Last weekend, my wife and I packed up the Ford Escape and went down to Phoenix for Comicon. We had hoped to get in touch with our fellow nerds, get some awesome nerdy merchandise to decorate our new apartment, and find out neat stuff about the shows and books we liked. I wanted to see Star Trek stuff and meet Uncle Scrooge artist Don Rosa, and L (my wife) wanted to get Dresden Files author Jim Butcher’s autograph and go to Firefly panels.

What we got was not what we expected, but probably, in retrospect, we should have. Phoenix was burning hot—of course it would be, it was June. I did okay. I grew up in the broiling hot deserts of Victorville and Barstow, and my body was able to acclimate to the hundred degree temps, albeit grudgingly. My wife, who is from Michigan originally, was not able to acclimate. She was fine as long as she was in an air-conditioned building—however, Comicon was spread out among the three buildings of the Convention Center as well as four other hotels in the area. To get from a panel in the North Building to one in the Radisson, two blocks away, took about 15 minutes because of all of the crowds and roadblocks we had to go around in order to get there. By Saturday evening, poor L was red as a beet and about to faint. The only shuttles or public transportation they had available were sweaty people on pedicab tricycles and the Phoenix Light Rail, which never seemed to get us close enough to the Convention Center or to our hotel room to be of much use at all. So on Sunday we drove to the convention—but the closest available parking garage was still half a mile away from where we wanted to be and they charged us $12 for the “convenience” of using it.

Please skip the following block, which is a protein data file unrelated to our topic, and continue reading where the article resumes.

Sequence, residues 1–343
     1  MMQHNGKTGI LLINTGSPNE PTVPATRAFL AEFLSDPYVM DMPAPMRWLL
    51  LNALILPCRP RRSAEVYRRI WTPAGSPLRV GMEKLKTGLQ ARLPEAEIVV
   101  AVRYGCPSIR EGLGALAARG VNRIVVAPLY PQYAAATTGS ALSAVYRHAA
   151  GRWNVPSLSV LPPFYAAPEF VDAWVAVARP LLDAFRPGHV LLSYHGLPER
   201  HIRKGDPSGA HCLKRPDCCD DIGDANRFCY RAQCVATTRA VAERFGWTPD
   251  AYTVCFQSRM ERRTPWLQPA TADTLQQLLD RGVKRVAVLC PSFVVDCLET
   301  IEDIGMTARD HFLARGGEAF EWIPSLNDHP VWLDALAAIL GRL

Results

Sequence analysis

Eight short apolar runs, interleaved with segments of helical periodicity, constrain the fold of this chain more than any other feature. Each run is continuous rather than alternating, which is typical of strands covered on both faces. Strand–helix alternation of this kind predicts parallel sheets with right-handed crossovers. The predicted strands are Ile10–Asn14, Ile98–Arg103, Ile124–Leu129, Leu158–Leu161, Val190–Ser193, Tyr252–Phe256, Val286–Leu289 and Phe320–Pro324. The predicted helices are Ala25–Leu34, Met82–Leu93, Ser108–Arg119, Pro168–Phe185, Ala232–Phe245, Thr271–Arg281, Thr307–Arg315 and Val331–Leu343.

And the crowds—oh god, the crowds! I probably should have seen that coming too. Every corridor in the Convention Center was wall-to-wall people, including people with angel wings or spiky shoulder pads on their costume that would poke you as they passed, inconsiderate youngsters that would just stop right in front of you to take a picture of somebody in a costume and block the way for everyone else, people with onboard PA systems in their suits that would play awful music, and lots of people in militaristic costumes with full armor and very realistic-looking guns. Not just your standard fantasy knights or Halo Spartans or Stormtroopers, but people dressed like US Special Forces, complete with ghillie suits and sniper rifles, and “zombie hunters” that were better armed and armored than your average SWAT team. Add to the mix about five thousand security personnel and actual policemen barking orders in all directions, and the combined effect was enough to trigger both mine and my wife’s claustrophobia and agoraphobia on several occasions.

I didn’t go to nearly as many panels as I wanted to go because I couldn’t deal with pushing my way through the crowds and feeling trapped in that roiling sea of humanity. Meanwhile, L missed one of her panels because she accidentally wandered into a prohibited area of the Convention Center and a security guard repeatedly called her “Sir” as he shouted at her to leave. My wife is chubby, to be sure, but seriously? Being repeatedly mistaken for a man was enough to make her extremely upset. She was already upset about feeling invisible among the tens of thousands of people who just wouldn’t get out of the way for us.